Maryland's two black congressmen will formally endorse Kweisi Mfume's U.S. Senate bid today as Mfume and his chief Democratic rival, Rep. Benjamin L. Cardin, strive to lock up support from African American voters.
This is fairly significant for Mfume, who - by most accounts - hasn't been running what experts might call a stellar campaign. Fundraising has been a challenge; his ads are late and it's taken him a while to get these two critical CBC endorsements. But, to his credit, Mfume knows how to scrap being from the old school of hard knocks. And, he's got better name recognition - particularly throughout Black Maryland - than Cardin.
For Mfume, he faces a stiff Reticence Level amongst White Democrats. White voters in Maryland sure enough know Mfume and some even like him - but: are they willing to put a brother in the Senate? So he'll need Black Democrats to get him over that hump.
A couple of reasons why Rep. Elijah Cummings (D-MD) and Rep. Albert Wynn (D-MD) are suddenly coming around after more than a year of speculation:
- Cummings realizes that he has a better chance of leveraging his power-base in Baltimore with a brother in the Senate rather than a White dude. It's pure culture and the mathematics of familiarity. Go with what you know. But, there is also real fear that Black Republican and Senate candidate Lt. Gov. Michael Steele - especially with endorsements from Russell Simmons and Cathy Hughes and other key figures - will win this race. Steele, hailing from Black money rush Prince George's County, Maryland, is sure to look out more for his home base in P.G. than Baltimore. On the flip side of that equation, a Senator Mfume would be more inclined to look out for his home base of B'More, translating into federal dollars for Cummings district.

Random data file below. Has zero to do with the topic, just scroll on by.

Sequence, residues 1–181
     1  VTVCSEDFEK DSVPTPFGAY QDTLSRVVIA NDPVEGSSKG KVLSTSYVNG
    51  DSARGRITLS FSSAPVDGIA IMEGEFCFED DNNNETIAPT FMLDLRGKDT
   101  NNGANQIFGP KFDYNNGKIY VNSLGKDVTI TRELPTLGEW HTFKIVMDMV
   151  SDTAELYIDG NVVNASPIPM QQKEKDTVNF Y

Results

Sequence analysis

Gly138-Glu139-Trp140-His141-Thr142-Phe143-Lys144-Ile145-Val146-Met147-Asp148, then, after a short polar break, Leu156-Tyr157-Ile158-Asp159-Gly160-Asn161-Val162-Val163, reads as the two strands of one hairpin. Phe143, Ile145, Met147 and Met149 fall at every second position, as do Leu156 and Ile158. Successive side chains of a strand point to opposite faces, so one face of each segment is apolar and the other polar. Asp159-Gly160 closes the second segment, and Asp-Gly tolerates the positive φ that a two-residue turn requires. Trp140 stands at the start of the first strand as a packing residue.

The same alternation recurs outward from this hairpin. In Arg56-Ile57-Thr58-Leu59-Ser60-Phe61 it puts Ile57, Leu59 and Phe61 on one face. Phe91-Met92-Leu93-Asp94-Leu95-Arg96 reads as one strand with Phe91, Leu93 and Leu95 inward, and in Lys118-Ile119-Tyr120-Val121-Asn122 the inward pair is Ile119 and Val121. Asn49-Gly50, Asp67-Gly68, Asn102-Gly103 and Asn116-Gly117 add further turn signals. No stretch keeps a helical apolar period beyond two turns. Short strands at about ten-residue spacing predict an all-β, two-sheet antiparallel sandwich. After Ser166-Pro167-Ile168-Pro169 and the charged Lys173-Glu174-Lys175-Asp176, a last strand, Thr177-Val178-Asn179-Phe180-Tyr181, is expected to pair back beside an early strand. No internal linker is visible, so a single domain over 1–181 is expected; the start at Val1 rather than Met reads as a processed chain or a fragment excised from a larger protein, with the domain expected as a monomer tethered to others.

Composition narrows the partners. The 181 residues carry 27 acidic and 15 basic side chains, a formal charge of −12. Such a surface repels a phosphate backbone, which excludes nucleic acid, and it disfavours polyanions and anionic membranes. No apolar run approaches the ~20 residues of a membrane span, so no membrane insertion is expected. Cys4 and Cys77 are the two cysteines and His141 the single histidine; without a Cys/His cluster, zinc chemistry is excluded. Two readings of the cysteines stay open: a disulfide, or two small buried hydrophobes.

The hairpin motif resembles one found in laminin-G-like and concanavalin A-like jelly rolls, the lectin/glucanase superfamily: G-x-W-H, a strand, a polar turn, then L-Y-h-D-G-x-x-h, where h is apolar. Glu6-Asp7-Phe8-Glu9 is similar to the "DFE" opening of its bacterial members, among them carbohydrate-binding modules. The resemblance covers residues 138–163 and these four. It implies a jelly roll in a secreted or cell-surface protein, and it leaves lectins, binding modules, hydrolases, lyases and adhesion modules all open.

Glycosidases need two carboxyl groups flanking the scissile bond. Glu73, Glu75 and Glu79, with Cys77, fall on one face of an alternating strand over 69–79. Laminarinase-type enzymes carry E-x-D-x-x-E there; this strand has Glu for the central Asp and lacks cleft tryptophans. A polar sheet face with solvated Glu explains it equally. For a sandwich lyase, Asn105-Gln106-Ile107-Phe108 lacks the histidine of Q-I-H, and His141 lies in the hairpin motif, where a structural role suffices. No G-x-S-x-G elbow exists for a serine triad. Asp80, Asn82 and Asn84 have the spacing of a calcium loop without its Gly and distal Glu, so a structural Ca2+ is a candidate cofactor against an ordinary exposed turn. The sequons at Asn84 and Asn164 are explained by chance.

- Wynn's endorsement is a bit more complicated, because Wynn is really concerned about Wynn right now. Even though he knows a Senator Steele will probably be the best thing to happen to P.G. County since big name retailers started moving in (depending on how you look at that), he's fighting for his political life right now in a tight race against primary challenger Donna Edwards, a fierce Black community activist who is making headway by blasting Wynn's vote for the Iraq War and characterizing him as not "progressive" enough. That message is resonating with Black P.G. voters. Wynn believes he gets instant street cred by endorsing Mfume.